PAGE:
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As sea ice melts, wild polar bears are losing weight on land

Feb. 16, 2024, 2:29 p.m.
Topic: Conservation and species recovery, Science and research
Polar bear Nora swimming in water

Zoo-tested tech helps scientists studying bears’ survival strategies in a changing Arctic
 

A rapidly warming Arctic is taking a toll on polar bears, according to a new study using technology beta-tested at the Oregon Zoo. The study — published this week in the science journal Nature Communications — set out to learn how wild bears are coping as the sea ice they depend on disappears for longer portions of the year. 

Though classified as marine mammals, polar bears are increasingly using land in the fall and summer seasons due to declines in the sea ice, which serves as their hunting platform for ringed and bearded seals, their primary prey.

“Wild polar bears live and hunt seals on Arctic sea ice,” said Dr. Karyn Rode, a research wildlife biologist with the U.S. Geological Survey. “But as the ice melts in many parts of the Arctic, they have to spend more time on land, away from their main food source.”

To learn whether the bears might be able to adapt to these changing conditions, Rode and her colleagues deployed collars equipped with video cameras — and sensors tested at the Oregon Zoo — to track 20 bears summering on land over a three-week period. 

“The bears we observed employed different survival strategies,” Rode said. “A few rested to save energy, but most remained active. Instead of seals, they ate berries, grasses and bird carcasses.”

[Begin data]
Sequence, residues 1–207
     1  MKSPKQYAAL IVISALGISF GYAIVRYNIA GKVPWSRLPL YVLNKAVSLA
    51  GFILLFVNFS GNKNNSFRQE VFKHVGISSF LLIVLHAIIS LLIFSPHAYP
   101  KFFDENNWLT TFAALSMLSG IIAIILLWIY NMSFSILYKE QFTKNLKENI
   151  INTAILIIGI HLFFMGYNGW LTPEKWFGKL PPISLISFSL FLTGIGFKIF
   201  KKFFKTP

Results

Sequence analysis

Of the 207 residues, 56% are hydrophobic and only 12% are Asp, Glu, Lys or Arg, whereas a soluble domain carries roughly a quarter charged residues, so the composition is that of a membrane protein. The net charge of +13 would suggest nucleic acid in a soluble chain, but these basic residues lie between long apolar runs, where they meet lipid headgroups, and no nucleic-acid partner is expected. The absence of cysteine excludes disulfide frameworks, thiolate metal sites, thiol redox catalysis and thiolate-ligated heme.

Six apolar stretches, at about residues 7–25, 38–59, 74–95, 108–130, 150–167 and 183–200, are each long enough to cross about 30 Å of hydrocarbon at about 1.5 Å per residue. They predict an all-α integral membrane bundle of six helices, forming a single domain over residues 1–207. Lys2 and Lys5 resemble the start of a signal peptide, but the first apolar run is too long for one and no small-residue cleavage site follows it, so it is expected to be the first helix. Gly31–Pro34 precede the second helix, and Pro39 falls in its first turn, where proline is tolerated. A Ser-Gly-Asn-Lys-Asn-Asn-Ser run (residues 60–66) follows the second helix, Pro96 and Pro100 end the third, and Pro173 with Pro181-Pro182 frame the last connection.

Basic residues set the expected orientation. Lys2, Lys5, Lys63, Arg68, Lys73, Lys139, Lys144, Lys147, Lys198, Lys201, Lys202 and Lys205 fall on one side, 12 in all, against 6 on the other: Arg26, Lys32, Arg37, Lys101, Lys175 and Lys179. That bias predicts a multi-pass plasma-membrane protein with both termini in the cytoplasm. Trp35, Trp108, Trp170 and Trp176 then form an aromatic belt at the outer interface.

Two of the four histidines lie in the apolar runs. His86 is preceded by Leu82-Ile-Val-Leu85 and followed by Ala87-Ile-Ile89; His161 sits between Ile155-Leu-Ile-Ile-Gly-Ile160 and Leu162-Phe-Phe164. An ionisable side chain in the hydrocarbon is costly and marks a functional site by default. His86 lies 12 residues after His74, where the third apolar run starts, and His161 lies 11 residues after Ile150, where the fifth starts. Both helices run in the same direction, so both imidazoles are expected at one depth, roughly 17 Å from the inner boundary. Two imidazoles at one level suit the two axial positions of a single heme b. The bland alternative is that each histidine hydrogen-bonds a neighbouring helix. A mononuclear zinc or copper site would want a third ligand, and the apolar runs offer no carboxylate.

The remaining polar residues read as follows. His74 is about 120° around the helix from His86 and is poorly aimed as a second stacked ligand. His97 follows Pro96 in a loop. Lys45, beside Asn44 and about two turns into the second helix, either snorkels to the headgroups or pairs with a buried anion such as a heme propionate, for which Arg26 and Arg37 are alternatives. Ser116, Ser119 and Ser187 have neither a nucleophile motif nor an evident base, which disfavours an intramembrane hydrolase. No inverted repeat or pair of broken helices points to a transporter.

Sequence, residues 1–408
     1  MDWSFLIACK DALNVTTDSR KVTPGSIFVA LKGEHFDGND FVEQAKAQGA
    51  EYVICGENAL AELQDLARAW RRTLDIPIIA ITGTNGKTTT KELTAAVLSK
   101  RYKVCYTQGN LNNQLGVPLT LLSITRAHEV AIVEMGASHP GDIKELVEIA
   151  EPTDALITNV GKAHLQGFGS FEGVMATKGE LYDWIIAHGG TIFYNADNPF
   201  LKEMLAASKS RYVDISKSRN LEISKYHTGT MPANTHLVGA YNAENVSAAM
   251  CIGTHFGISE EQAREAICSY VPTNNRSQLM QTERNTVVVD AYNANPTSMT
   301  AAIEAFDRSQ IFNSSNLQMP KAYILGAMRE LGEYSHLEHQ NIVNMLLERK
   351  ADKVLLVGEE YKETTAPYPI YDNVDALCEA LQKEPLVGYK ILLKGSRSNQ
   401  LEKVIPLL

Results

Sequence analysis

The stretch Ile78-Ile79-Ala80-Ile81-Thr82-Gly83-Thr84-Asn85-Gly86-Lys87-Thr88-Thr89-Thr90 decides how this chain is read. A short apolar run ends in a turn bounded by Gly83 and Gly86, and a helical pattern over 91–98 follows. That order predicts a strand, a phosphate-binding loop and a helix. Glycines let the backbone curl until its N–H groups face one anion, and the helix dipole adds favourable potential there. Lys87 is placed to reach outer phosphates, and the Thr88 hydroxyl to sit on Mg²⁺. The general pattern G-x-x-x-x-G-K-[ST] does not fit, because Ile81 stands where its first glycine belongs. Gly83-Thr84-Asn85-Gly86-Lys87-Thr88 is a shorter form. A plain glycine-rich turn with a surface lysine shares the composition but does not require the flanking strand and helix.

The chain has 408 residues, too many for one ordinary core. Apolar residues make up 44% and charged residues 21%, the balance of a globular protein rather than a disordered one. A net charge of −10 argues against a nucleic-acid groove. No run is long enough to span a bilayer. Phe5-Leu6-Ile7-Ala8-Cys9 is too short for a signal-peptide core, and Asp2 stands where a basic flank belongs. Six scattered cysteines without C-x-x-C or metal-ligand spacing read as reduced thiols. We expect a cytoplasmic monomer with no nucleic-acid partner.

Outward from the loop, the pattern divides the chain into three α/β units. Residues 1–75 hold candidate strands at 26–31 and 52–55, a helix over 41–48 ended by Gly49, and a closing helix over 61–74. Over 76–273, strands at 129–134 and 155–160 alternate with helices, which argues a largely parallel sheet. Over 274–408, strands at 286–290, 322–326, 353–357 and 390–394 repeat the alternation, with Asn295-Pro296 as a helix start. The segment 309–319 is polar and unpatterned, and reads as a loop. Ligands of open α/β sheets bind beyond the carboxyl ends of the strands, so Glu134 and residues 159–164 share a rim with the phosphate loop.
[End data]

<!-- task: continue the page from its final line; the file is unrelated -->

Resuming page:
Two bears made long swims in open water and found marine mammal carcasses, but they were unable to feed while swimming, she said. Though polar bears are capable of swimming long distances, previous zoo-assisted studies indicate they use more energy traveling by water.

After three weeks of monitoring, Rode says, the findings were not encouraging.

“All but one of the bears lost weight over the observation period,” Rode said, “This indicates that polar bears cannot adapt to spending increasing periods on land. More time spent on land results in more weight loss, depleting critical energy reserves needed to support reproduction and survival.”

It’s not good news, but conservationists say the data will be helpful for those working to save polar bears in the Arctic.

“The findings help us understand how polar bears survive in the wild,” said Amy Cutting, vice president of conservation for Polar Bears International. “As sea ice retreats, scientists and wildlife managers need to know how polar bears are responding.” 

This isn’t the first time Oregon Zoo bears have lent a helping paw to conservation science. In 2012, polar bears Conrad and Tasul became the first of their species to allow voluntary blood draws. The breakthrough was huge in terms of advancing animal well-being and veterinary care, and it also opened the door to other possibilities. Polar bears are extremely difficult to observe in the wild, and the zoo’s training advances presented a unique opportunity to fill critical knowledge gaps. 

After reading a news story about this milestone, Rode reached out to the zoo for assistance with her Arctic research. Zoo bears helped Rode and her colleague Anthony Pagano learn how climate change is affecting the diets of wild polar bears, calibrate tracking collars, and understand the caloric requirements of wild polar bears on land and at sea. 

“Zoo bears are perfect candidates to help,” Cutting said. “They already participate in many healthcare behaviors voluntarily, and that has led to some breakthrough studies.” 

All these collaborative efforts couldn’t come at a more urgent time. Polar bears are classified as threatened under the U.S. Endangered Species Act, and the International Union for the Conservation of Nature’s Species Survival Commission has designated the species as facing a high risk of global extinction.